The interior has been completely renewed from top to bottom staring with the headliner, trim panels, carpets, dash pads and the seats have all been reupholstered.
Before the new back glass and windshield are installed (all of the other glass panels have been replaced) the new vinyl top is installed. Installing a vinyl roof is not a task that is performed very often these days but 360 have the skills to do this in-house.
LKQ stocks a huge selection of high quality muscle car sheet metal and parts. “If you are doing a premium muscle car restoration the only sheet metal you want to use is from LKQ,” asserted Rick Francoeur at 360.
The exterior panels will soon have their final fitting. They have been fitted and removed during the restoration process countless times to make sure that the panel gaps are correct. The final fitting process will involve two or three people to make sure that the paint does not get chipped or damaged.
Before the original V-8 engine was removed from the car it underwent a compression check, all of the cylinders had equal and strong readings so a complete re-build was not necessary. The carburetor has been replaced with a new two-barrel, the automatic transmission has been completely re-built as has the rear axle.
Rick talked Laura out of fitting a modern rack and pinion power steering kit or even upgrading the manual steering box to a power-assisted unit so it will be reliving the Armstrong steering experience for Laura when parking at low speeds!
One safety upgrade is the installation of original Ford front disc-brakes; these are a must in today’s traffic. Collector vehicle drivers are very cautious, invariably when accidents occur it is the drivers around you that are not paying attention or cutting you off.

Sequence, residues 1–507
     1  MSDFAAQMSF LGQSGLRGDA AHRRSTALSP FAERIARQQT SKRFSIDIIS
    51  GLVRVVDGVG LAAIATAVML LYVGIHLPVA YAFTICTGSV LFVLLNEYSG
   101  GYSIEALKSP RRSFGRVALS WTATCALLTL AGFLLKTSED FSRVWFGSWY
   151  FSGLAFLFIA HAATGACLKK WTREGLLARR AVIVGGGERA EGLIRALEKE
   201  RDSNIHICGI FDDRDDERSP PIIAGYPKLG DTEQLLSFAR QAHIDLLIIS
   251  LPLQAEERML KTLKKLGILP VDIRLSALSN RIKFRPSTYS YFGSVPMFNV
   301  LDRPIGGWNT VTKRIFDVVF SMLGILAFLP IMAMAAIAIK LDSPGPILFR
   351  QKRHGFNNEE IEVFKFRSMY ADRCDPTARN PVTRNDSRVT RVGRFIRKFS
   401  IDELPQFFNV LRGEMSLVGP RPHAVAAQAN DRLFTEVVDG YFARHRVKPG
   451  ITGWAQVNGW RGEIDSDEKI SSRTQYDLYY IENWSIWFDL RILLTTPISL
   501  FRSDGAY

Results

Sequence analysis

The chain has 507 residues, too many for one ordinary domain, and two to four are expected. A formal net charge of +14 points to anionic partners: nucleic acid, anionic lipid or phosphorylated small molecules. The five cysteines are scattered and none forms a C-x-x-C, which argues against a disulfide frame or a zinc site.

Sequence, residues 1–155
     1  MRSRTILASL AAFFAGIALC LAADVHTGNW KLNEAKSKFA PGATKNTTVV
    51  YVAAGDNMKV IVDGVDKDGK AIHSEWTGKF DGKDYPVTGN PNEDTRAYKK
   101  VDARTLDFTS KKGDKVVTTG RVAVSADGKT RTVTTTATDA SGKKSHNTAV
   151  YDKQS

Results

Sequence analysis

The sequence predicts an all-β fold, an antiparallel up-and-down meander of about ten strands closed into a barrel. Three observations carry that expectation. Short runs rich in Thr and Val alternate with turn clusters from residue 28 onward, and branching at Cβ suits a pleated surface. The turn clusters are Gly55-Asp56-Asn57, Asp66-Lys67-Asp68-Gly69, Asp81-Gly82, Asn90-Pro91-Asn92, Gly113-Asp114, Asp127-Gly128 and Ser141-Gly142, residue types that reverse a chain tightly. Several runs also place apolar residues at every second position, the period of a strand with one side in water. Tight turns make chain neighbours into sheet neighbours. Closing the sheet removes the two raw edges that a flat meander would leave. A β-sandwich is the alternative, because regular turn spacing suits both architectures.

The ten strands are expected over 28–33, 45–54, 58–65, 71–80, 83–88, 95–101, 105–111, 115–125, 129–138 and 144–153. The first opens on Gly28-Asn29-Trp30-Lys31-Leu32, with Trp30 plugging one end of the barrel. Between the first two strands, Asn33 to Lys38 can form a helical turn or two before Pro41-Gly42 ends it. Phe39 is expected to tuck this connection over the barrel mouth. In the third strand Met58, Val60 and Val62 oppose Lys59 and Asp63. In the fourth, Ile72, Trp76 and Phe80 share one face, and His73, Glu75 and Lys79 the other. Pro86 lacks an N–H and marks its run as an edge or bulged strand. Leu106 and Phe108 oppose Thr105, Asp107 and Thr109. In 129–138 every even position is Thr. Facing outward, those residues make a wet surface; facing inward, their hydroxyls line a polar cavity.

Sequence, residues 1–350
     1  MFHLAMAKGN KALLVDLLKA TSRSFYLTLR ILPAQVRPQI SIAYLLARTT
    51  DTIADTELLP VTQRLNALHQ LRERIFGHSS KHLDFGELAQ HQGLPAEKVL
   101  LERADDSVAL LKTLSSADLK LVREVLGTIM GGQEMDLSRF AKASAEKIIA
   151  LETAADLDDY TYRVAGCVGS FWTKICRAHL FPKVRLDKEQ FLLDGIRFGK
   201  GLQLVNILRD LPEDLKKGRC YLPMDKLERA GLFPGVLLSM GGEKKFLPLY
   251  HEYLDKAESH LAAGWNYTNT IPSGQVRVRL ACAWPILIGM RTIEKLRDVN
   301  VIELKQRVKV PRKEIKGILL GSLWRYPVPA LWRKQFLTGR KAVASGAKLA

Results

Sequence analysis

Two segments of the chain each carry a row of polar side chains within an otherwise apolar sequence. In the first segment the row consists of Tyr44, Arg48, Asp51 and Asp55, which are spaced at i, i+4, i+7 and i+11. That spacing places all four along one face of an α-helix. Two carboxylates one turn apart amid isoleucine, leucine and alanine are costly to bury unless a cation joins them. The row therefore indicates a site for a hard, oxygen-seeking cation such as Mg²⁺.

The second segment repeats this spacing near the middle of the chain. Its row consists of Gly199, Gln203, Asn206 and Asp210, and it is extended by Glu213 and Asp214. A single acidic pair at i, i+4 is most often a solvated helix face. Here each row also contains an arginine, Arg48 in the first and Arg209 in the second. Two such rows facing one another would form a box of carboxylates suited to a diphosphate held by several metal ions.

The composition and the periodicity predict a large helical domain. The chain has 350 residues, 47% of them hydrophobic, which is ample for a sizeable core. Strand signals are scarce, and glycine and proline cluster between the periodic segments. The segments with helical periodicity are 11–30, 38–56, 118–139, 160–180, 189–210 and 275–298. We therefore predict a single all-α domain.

360 have done their research and paid a lot of attention to detail during this rebuild, right down to avoiding the temptation of installing an exhaust system with two tailpipes.
Next week, we will explore what exactly a T5 is? How rare they are and explore some of the events that Laura and her brand new old car car will be attending in this 50th anniversary year of the Ford Mustang.
*Nigel Matthews is the director of sales and marketing for Hagerty Insurance Canada.
Contact: nmatthews [at] hagerty [dot] com
Our classic and collector car expert continues today with the second part of his four-part series on the restoration of public relations executive Laura Ballance’s rare 1967 Ford Mustang T5 by 360 Fabrication in Abbotsford…
The restoration business has changed a great deal – in the past, most auto body repair shops would only take on such work when their collision work dried up.
Now, it’s very specialist work and I’m often asked if I could recommend a restoration shop. To be honest with you, I would be hard pressed to come up with enough names to fill the fingers of one hand.
But I have no hesitation in saying that I doubt there is one in the entire country that restores and builds as many custom cars as 360 Fabrication, in Abbotsford. They control the costs and track the daily progress by using a number of management systems and a Gantt chart.
The secret to controlling the work is to perform all of the tasks in-house with perhaps the exception of chrome plating. During my time in the trade, costs kept mounting up and either the customer or the technician, who worked on a flat rate (piecework) basis, was short changed resulting in ill feelings between the shop owner, his staff and the customer mainly caused by the lack of communication and too many assumptions!
Laura Ballance’s original plan was to have a sympathetic restoration performed, replacing only what was necessary. But cars are no different from houses, boats and planes, so when the Mustang was disassembled and stripped they discovered that probably the only thing holding the car together was Laura’s father’s DIY welding!